Bigger plastic containers (for example those which contained festive goodies) can be used to sort and contain their different types of smaller toys. This gives them the concept of similarities (a basic maths skill), encourages them to organise, and is easier for them to put their toys away after playing.

Another example is the plastic tag that comes with the bread we buy. It secures the opening and usually has some information, for example expiry date or price on it. I usually collect a lot then recycle. But I found that they can be entertaining toys too. When my daughter was around 2 years old, I gave her a spoon, two bowls and those plastic tags. Then taught her to scoop out the tags from one bowl to another. At that age she was trying to feed herself. This gives her the opportunity to practise her skills while at the same time it's not so messy compared to "practising" with her food at meal times.

I also let her try slotting the tags into a coin bank. This helps her to concentrate on an interesting task while practising her motor skills. She loves slotting them in, then removing them from the opening at the bottom of the coin bank, then repeating the process again and again. I've a short video of her playing with those tags on YouTube.

Another example of "useless" stuff turned into playthings is the parking coupons we use in Singapore. When parking our vehicles, we tear out the relevant tabs for year, month, day, hour, minute, and display them on our dashboard. After that it's useless. I usually recycle them. When my son was younger, he liked to tear out all the other tabs. Then we would play a game of searching for the number each other called out. Example of variations could be giving addition questions and finding the answers.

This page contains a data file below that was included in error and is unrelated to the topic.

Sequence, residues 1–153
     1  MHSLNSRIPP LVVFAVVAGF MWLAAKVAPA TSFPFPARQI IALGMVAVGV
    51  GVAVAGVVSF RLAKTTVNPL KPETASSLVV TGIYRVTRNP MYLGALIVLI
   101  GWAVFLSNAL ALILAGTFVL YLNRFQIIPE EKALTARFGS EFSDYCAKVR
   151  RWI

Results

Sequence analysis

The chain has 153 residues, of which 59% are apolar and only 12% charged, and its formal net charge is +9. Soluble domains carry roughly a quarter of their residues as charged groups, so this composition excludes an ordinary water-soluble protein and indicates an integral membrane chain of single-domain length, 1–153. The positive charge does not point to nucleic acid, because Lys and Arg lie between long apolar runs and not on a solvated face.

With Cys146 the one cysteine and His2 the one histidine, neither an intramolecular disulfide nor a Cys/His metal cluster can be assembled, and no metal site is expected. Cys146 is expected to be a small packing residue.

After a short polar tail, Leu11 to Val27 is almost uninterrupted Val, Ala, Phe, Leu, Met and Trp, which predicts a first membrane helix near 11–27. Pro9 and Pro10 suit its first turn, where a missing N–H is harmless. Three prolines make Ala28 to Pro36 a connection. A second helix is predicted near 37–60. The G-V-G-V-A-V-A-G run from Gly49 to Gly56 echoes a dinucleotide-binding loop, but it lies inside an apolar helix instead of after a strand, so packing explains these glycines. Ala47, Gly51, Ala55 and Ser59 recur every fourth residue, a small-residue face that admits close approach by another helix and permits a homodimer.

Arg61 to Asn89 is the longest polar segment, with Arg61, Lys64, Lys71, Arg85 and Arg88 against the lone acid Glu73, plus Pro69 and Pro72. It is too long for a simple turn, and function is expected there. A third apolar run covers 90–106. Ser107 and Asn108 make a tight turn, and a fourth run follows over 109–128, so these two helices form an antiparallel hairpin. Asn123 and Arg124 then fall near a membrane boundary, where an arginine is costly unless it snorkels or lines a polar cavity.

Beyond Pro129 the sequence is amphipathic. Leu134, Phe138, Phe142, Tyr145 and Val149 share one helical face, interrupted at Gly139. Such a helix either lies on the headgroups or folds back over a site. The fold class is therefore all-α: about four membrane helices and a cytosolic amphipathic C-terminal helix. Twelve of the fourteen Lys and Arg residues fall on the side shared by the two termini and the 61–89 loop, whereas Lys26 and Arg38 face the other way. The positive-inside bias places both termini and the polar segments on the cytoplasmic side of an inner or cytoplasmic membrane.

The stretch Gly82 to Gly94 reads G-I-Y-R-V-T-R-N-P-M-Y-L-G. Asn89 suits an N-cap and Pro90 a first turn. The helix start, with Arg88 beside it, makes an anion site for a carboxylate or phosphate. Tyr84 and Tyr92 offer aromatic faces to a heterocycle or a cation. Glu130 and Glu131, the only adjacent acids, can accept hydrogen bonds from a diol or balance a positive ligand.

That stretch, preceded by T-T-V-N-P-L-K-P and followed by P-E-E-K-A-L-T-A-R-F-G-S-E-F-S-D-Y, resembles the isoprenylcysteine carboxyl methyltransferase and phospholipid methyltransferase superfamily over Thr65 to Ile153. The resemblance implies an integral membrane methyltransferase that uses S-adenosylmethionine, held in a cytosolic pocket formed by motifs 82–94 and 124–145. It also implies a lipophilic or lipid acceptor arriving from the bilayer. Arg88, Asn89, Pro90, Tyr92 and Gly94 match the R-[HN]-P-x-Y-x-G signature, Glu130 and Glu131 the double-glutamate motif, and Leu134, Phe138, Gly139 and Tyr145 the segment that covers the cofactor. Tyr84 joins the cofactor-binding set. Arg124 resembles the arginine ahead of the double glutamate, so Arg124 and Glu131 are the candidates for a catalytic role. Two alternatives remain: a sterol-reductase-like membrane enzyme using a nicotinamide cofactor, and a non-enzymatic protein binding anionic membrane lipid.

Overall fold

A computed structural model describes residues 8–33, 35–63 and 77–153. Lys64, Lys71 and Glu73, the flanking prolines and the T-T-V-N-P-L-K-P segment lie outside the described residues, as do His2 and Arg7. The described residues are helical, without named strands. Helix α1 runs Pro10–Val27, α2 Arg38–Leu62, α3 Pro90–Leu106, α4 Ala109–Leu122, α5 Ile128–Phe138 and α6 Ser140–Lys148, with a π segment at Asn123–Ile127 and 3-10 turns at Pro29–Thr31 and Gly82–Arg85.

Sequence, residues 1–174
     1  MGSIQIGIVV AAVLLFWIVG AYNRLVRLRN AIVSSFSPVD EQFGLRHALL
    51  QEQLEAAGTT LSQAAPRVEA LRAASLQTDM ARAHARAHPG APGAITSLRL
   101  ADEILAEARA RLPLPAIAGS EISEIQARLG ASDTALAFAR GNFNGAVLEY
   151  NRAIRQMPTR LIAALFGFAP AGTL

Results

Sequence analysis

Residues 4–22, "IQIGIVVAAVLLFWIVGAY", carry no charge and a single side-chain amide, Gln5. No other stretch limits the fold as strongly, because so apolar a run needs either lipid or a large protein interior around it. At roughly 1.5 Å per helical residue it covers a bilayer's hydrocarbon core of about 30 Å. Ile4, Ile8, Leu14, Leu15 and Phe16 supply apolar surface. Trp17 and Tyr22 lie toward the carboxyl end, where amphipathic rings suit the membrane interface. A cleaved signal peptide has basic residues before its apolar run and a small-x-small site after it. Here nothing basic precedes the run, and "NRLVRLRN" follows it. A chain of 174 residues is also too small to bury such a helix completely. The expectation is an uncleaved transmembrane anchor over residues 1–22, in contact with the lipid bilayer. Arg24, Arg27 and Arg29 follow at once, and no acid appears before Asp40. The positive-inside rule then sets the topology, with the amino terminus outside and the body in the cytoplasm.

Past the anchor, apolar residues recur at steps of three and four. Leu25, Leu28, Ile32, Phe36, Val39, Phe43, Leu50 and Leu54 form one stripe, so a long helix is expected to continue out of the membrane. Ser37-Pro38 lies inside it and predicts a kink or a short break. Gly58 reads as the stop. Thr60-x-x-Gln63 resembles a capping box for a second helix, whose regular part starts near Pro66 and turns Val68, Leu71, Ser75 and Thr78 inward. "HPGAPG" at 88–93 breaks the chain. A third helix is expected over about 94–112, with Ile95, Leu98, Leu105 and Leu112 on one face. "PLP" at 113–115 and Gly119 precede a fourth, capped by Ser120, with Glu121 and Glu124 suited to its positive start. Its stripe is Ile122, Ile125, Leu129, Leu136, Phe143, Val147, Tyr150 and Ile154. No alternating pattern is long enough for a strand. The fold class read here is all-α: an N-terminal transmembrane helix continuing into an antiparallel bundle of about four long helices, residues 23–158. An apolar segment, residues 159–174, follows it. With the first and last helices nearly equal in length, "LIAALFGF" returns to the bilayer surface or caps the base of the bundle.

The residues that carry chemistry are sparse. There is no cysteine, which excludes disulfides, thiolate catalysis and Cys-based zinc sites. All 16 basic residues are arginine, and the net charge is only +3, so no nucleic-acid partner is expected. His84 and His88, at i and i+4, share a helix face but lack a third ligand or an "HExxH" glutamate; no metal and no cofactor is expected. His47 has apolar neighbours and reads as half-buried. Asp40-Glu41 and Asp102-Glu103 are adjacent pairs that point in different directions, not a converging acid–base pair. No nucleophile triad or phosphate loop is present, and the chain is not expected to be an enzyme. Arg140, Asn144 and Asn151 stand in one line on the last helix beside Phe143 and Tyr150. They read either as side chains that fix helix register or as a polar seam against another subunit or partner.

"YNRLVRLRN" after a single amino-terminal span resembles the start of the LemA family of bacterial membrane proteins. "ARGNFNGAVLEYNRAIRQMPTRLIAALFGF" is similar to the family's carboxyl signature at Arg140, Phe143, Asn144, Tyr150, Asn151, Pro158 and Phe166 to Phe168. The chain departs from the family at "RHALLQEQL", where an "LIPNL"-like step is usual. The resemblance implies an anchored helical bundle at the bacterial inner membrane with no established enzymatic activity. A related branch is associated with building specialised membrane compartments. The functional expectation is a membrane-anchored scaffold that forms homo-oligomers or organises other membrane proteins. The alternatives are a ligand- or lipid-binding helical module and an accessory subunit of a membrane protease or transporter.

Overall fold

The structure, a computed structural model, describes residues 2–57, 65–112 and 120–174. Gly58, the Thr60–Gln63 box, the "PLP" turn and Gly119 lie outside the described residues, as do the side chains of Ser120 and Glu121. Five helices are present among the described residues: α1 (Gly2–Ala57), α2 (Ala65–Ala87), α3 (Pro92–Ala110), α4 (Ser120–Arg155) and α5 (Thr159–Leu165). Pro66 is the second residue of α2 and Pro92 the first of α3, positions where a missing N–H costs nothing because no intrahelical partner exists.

Other recycled materials like ice cream sticks, disposable spoons etc, could be used for handicraft projects.

There are many possibilities in using discarded items as "toys". The best part is they cost no extra money, are easily replaceable, and teaches our kids to recycle. 

However I do recommend playing together with the children. Choking hazard aside, it's a good bonding time. Toys are "useless" and children quickly grow tired of them. But your children will always enjoy your company.

Sunday, April 17, 2011

It's no use

Have you tried to get your children to listen to you? Have you tried telling them to eat more nutritious food? Sleep early? Stop playing computer game? Do their homework? Revise for their examination? Clear their desk? Organise their room? Make their bed? Wash their shoes? Behave themselves?

I assure you, it's no use. Yes it's no use 'telling' them what to do. It's no use yelling at them. It's no use punishing them for not doing what they're supposed to do. 

If we want our children to grow up into self-respecting adults, we cannot allow them to develop a habit of relying on other people to tell them what they should do, or waiting for someone to kick them into action.

This does not mean we should hasten the process of their independence by letting go altogether. Nor should we keep dictating their every action. Rather, a parent's love and motivation is very important in guiding them along this inevitable route of growing up.

If we reflect upon ourselves, what are the actions we take everyday? We do what we 'should' do (most of the time, I assume), what we 'want' to do, and what we 'like' to do. So if we can motivate our children to like what they're supposed to do, then we don't have to keep telling them what to do, right? But HOW do we achieve that? Through playing games? Through ourselves setting an example or role model for them? Through our praise and encouragement? Through their own sense of achievement and fulfilment?